The X-men and their world belong to Marvel, no profit or copy right infringement intended.
Remy LeBeau's arrival in New York and his discovery of Xavier's School for Gifted Youngsters
"Non!" Remy shook Slice off - again. "Not coming wid me, Slice. Remy take care of dis."
"She's my fucking sister!" Slice snarled.
"An you not know your ass from a pry-bar!" he snapped back.
"I can take care of myself!"
They were arguing their way down the street from the 'Boyzone Internet Café' and Remy was blessing the city that never sleeps with every step. Even at three in the morning, he'd found an Internet connection and from there, he'd found Hastings High School, Westchester NY. Now all he needed was a car and to get rid of Slice. He wasn't going to lose the brother while trying to find the sister.
"Look," Remy turned on him, expression hard enough to make Slice step back, surprised at how thoroughly the casual, easy-going Remy had disappeared. "Not coming wid me. You staying at de SRO and waitin'. Remy jus askin' some questions and getting' som addresses and he not got time to argue wid a punk! Neither do Rachel, eh?"
Rachel's name quieted Slice and Remy used it ruthlessly to get him away and back where Remy could lay hands on him again. Remy stopped at a late model four-door.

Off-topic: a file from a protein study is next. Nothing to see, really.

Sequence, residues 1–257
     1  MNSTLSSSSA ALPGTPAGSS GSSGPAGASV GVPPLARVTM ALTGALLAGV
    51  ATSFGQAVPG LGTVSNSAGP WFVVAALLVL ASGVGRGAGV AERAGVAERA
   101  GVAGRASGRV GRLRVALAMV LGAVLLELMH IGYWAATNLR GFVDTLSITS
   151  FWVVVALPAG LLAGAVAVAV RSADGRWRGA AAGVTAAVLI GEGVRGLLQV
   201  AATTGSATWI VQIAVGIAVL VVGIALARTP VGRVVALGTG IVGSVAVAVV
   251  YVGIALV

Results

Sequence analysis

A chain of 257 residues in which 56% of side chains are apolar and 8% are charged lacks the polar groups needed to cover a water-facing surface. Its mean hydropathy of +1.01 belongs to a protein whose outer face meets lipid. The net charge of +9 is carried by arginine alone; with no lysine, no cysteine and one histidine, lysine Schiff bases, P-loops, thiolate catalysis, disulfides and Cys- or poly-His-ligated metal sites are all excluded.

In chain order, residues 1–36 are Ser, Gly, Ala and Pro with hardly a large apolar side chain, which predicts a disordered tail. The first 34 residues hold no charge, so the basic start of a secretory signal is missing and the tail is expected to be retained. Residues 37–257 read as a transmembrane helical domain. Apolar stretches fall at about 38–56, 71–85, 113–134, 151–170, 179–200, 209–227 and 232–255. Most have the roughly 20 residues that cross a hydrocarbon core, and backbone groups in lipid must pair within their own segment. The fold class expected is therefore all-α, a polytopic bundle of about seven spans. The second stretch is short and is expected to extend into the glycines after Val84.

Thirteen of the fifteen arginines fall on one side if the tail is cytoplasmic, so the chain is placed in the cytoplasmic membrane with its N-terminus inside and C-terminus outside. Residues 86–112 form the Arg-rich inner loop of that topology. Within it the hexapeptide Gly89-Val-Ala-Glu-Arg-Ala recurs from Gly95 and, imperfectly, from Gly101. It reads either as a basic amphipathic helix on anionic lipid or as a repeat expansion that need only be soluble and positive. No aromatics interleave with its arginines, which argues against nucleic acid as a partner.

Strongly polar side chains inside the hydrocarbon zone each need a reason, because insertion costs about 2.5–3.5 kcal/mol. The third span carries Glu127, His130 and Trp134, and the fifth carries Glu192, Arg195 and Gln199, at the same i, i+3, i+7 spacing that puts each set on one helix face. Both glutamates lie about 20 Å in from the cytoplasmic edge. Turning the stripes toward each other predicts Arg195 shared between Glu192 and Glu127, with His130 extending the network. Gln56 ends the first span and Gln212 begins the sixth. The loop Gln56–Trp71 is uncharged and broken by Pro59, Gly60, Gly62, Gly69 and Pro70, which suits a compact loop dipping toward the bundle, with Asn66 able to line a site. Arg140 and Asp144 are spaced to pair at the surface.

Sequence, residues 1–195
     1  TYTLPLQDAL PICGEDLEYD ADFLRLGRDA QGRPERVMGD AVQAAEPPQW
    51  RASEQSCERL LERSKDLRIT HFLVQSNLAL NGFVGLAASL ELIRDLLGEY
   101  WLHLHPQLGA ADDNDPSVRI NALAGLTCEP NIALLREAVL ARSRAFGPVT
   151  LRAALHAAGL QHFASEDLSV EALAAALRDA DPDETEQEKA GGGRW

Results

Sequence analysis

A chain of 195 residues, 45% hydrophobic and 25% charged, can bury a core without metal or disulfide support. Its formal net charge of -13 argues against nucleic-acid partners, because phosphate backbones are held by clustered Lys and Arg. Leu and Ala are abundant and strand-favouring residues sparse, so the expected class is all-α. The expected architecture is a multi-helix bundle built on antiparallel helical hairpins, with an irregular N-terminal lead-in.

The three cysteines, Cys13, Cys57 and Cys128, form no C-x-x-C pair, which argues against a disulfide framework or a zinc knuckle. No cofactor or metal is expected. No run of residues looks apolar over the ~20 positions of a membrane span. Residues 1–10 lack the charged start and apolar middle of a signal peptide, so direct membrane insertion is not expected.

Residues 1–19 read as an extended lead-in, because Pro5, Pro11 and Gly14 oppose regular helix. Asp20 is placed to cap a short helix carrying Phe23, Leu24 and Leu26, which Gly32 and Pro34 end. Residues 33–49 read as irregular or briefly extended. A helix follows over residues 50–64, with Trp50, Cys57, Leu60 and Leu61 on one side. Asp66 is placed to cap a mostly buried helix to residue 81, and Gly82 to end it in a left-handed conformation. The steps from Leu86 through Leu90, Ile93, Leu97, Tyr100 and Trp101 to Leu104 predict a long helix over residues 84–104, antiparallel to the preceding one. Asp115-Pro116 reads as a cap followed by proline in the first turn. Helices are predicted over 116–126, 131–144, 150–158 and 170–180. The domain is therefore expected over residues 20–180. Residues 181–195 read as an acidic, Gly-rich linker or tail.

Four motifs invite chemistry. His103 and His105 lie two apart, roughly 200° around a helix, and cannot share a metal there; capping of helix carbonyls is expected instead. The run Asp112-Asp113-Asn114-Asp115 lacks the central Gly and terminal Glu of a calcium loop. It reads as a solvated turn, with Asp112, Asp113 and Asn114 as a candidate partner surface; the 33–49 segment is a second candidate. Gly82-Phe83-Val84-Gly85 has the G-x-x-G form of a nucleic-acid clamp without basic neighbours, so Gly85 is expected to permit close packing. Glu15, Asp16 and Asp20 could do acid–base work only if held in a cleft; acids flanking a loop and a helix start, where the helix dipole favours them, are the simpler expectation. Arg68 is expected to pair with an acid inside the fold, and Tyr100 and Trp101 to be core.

"Didn't know you had a car," Slice said.
"Remy don't," he muttered and smashed the window with an elbow. The car alarm began to wail but he paid it no mind, just like everyone else. After years of the nightly chorus of false alarms, there wasn't anyone in America that responded to the sound of a car alarm going off. Reaching in and opening the door, Remy brushed glass off the seat and gave Slice a final warning.
"Be at de SRO," he said. "Your sister, she gonna need you."
He drove off.
This late, even New York had clear highways and Remy put the pedal down and flew out of the city, slowing only when he reached the kind of places experience told him a cop was likely to loiter, looking for speeders. Westchester wasn't so far and Remy could see a bunch of bored kids coming into the city after school. What they were going to do with a mutant girl, Remy had too many guesses, he hoped they'd just scared her then abandoned her out here with no way back to the city.
Drumming his fingers on the steering wheel, Remy alternated between watching the streets and reading the MapQuest instructions until the flat brick and concrete buildings; complete with baseball field in the back, told him he'd found Hastings High. A spotlit sign, in familiar red and yellow, confirmed it. He wrenched the car to a stop in a side street and got out, bits of glass plinking to the tarmac.
The suburbs were quiet, eerie, when Remy was used to the sirens and the arguments, the occasional gunshots of the city. It made him nervous, like there were eyes on him, as he skulked across the street where a cyclone fence kept the kids in their place during school hours. It was a moment's work to swarm over it and drop down onto the neatly mown grass. Slipping in and out of the shadows, Remy found the Administration Building and broke in.